The tubular portion 12 has a polygonal cross section with an inner surface thereof being covered with the inner side wall 10 a, while an outer surface being covered with the outer wall 10 b of the resin made sleeve portion 10, as illustrated in FIG. 2A. The inner side wall 10 a provides the bore 14 in a center thereof into which the ferrule 16 is inserted. As illustrated in FIG. 2B, the wall thickness of the guide wall 10 c becomes thin at the sides 12 a while it becomes thick at the corners 12 b. In the molding process of the sleeve portion 10, the injected resin material may flow in the corners 12 b, which may facilitate the injection.

Moreover, it is often occurred in the molding process that the thicker wall tends to shrink more at the solidification of the resin. Accordingly, using the mold die with the circular cross section for the bore 14, the portion C1 with a thinner wall along the sides 12 a shows less shrinkage, while the portion C2 at the corners 12 b with a thicker wall shows much shrinkage. Consequently, the bore 14 after the solidification of the resin shows a deformed circular cross section not the completed round such that the length from the center to the side portion 12 a is greater than the length from the center to the corner portion 12 b, and only the side portion 12 a substantially operates to align the ferrule 16.

For instance, an engineering plastic applicable to the sleeve portion 10 generally shows a wide range of the shrinkage at the solidification of 0.1 to 1.2%. Polyetherimide (PEI), which is one of typical engineering plastics, shows the shrinkage of about 0.6%. Applying the PEI to the sleeve portion 10, the shift from the complete roundness, namely the difference in the shrinkage between the side and corner portions; becomes about 3 μm at most for a case where a different in the thickness between two portions is about 0.5 mm.

According to the embodiment shown in FIGS. 1 to 2B, only the side portions 12 a substantially contribute to align the ferrule 16 even the tubular portion 11 inherently has the dimensional accuracy due to the press working during the manufacturing process thereof. When the PEI is applied to the sleeve member 10 as the source material thereof, the scattering of the inner dimension of the bore 14 becomes merely about 0.3 μm assuming the scattering of the physical thickness of the side portions 12 to be 0.05 mm. This value for the scattering is substantially negligible.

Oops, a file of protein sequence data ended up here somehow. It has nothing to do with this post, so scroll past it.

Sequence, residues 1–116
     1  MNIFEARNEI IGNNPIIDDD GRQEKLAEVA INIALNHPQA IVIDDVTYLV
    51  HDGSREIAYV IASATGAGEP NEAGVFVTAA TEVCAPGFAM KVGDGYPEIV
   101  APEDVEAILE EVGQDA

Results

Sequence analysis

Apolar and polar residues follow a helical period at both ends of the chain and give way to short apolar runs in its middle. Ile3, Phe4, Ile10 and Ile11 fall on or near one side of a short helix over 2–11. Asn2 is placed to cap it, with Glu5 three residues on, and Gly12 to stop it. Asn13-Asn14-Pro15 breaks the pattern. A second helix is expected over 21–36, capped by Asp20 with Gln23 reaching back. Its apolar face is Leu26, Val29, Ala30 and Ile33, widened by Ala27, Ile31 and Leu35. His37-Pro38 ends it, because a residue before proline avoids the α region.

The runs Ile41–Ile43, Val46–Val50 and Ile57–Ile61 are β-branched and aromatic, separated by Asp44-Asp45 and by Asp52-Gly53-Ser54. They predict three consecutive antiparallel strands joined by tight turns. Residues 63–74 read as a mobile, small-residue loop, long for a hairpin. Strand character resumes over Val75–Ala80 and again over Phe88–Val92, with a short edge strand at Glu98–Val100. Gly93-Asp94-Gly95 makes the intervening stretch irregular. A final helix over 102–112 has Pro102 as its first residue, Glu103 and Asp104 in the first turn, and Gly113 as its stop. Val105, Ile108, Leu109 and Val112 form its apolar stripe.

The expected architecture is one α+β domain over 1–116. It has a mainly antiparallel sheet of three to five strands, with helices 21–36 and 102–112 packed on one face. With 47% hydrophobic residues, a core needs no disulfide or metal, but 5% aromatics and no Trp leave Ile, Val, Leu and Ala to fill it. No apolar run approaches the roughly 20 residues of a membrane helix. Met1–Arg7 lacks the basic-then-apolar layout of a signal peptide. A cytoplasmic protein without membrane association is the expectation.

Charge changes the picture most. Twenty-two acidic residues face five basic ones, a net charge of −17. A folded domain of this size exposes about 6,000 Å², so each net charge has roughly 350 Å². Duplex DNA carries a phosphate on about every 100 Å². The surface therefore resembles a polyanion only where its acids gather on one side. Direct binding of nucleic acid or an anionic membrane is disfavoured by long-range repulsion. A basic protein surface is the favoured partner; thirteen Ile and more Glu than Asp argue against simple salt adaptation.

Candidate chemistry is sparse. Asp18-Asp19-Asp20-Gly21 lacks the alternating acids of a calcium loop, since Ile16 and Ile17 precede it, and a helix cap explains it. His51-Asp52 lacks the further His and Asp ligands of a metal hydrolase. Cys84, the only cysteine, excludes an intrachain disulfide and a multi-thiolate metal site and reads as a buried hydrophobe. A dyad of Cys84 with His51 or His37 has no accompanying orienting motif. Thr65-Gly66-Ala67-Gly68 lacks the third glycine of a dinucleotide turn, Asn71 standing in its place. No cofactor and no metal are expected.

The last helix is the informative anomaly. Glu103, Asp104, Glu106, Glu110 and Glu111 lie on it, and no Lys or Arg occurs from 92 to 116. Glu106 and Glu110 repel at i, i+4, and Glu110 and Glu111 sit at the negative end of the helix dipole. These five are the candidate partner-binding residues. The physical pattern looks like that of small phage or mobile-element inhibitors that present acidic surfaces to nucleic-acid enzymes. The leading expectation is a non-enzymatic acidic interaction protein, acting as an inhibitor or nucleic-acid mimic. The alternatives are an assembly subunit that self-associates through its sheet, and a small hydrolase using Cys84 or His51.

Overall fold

On the other hand, the wall thickness of the sleeve portion 10 is necessary to be around 0.8 mm, which results in the scattering of the wall thickness after the solidification of about 3 μm. This is significant value for the optical coupling between the single mode fiber and the optical element in the optical device. While, the sleeve portion 10 with the buried member 11 having the polygonal cross section, the wall thickness of the portion C1, which is the side portions of the polygonal cross section and substantially secures and supports the ferrule thereat, becomes only about 0.1 to 0.2 mm, and the scattering of the thickness thereof may be suppressed to a level substantially equal to a dimensional accuracy of the mold, which is typically less than 1 μm.

The sleeve portion 10 with the buried member 11 may be also effective to maintain the temperature variation of the bore diameter. The buried member, which may be made of metal, has a less linear thermal expansion coefficient than that of the resin material. Assuming the ambient temperature to be varied from a room temperature to lower temperatures; the radius of the bore 14 shrinks depending on the linear thermal expansion coefficient of the resin member.

Assuming a situation that an ambient temperature of the module varies from a room temperature to a lower temperature, the tubular member 12 shrinks depending on the thermal expansion coefficient thereof, that is, the cross section of the polygonal becomes smaller, but the sleeve portion 10 made of resin, in particular, the bore 14 thereof becomes wider as the temperature decreases. Therefore, by selecting the resin material and the wall thickness at the thin wall portion C1, the radius of the bore 14 may be not only fit the temperature dependence of the radius of the ferrule inserted therein, but also substantially no temperature dependence.

The sleeve member 10 may provide a temperature characteristic depending on the temperature characteristic of the material for the ferrule 16, which is typically made of zirconia. As an example, the buried member 11 may be made of copper alloy or resin containing inorganic filler to enhance the bending strength and the Young's Modulus, whose liner expansion coefficient is 1.910−5 and the Young's Modulus of 110 GPa. While, the resin for the sleeve portion 10 may be made of liquid crystal polymer (LCP) with the linear expansion coefficient of 510−5 and the Young's Modulus of 15 GPa. The temperature variation of the diameter of the bore 14 may become substantially equal to the temperature variation of the outer diameter of the ferrule 16 for the thickness of the tubular portion 11 of 0.4 mm and the wall thickness of the side portions C1 of 0.18 mm. In another condition, in which the tubular member is made of steel with the linear expansion coefficient of 1.210−5 and the Young's Modulus of 206 GPa while the wall thickness at the side portions C1 is 0.2 mm, the temperature variation of the bore diameter 14 becomes substantially zero.